Midway man pleads no contest to commercial obstruction in tourism brochures case

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HEBER CITY — A Wasatch County man who was once a candidate for Congress and an aide to the former governor of Missouri has pleaded no contest to two misdemeanors in a case filed under Utah's commercial terrorism law.

Scott Jay Eckersley was initially charged in 4th District Court with four counts of commercial obstruction, a second-degree felony. Court records show two of the counts were reduced to class A misdemeanors on Aug. 26 and two others were dismissed in exchange for Eckersley's plea.

In court records filed as part of the plea, Eckersley said he would not contest the state's evidence that he removed tourism brochures from the lobby of a building at Zermatt Resort & Spa in Midway more than once and threw them away.

Eckersley has his own business supplying hotels and other businesses with free tourism brochures, according to Wasatch County Sheriff's Lt. Jeff Winterton. Eckersley "totally cleaned out" his competitor's display of free tourism brochures at Zermatt and damaged one of the brochure racks to the point where it could not be repaired, Winterton said.

Wasatch County prosecutor Case Wade said additional information obtained after Eckersley was arrested and charged in June showed Eckersley owns a condo at Zermatt and believed the brochures had been placed in the lobby of his building without authorization from the homeowners association.

Wade said there are three HOAs at Zermatt. The one in question had authorized the placement of the brochures in the building it manages, the prosecutor said, adding that Eckersley had been allowed to place his own brochures in a building controlled by one of the other HOAs.

Wade, who did not screen the case against Eckersley for formal charges, said felony commercial obstruction charges were warranted, given the facts prosecutors had at the time. When presented with the new information, Wade said, it was appropriate to reduce the charges to misdemeanors.


Eckersley, 38, has been in the public eye before, according to media reports and court records.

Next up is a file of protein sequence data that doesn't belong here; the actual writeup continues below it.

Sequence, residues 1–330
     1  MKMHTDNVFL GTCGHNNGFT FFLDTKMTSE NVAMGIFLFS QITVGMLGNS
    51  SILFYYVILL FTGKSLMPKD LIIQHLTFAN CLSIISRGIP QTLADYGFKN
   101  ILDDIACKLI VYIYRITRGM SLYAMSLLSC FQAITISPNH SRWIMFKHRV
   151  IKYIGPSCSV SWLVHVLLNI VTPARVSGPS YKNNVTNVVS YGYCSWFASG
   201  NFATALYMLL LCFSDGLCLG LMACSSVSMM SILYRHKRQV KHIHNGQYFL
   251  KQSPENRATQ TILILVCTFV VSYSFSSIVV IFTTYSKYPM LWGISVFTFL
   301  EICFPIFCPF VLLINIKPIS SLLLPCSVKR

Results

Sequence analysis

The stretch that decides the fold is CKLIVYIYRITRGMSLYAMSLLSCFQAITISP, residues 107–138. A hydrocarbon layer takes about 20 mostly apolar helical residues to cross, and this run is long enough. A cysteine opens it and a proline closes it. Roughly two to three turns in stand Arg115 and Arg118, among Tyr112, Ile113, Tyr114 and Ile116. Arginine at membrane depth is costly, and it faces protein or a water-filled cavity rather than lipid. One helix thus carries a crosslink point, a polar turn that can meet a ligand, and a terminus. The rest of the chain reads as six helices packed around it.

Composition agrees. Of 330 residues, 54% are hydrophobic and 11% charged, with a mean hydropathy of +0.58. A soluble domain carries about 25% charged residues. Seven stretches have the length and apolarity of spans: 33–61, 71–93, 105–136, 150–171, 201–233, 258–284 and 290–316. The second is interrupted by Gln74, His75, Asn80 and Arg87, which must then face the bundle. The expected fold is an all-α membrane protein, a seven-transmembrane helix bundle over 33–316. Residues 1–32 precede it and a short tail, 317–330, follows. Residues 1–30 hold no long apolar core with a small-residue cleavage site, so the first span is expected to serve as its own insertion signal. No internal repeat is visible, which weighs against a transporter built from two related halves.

In September 2007, then-Missouri Gov. Matt Blunt fired Eckersley from his position as Blunt's deputy chief counsel, according to the St. Louis Post-Dispatch. Eckersley responded by suing Blunt and four of his aides, alleging defamation and wrongful termination.

"This is my whole life. This is everything. It doesn't just affect one person. It affects your whole family," Eckersley told the Post-Dispatch in a December 2008 article. "I can't even read some of these things when they come out, I get so worked up about it."

Eckersley claimed in court records that he was fired and subsequently persecuted for warning his superiors that deleting their emails might constitute a violation of Missouri's open records laws. In May 2009, he settled the lawsuit for $500,000, according to media reports.

After the settlement, Eckersley launched a campaign for the U.S. House in 2010, seeking to win in Missouri's 7th Congressional District. Eckersley, who still has an active Missouri law license, lost by a healthy margin, election results show.

Under the terms of his deal with Wasatch County prosecutors, Eckersley's pleas will be held in abeyance for 18 months. The charges will be dismissed at the end of that term if Eckersley pays $750 in court costs, completes classes in anger management and "thinking errors," has no new criminal violations and pays restitution to the company that produces the brochures he destroyed.


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Geoff Liesik


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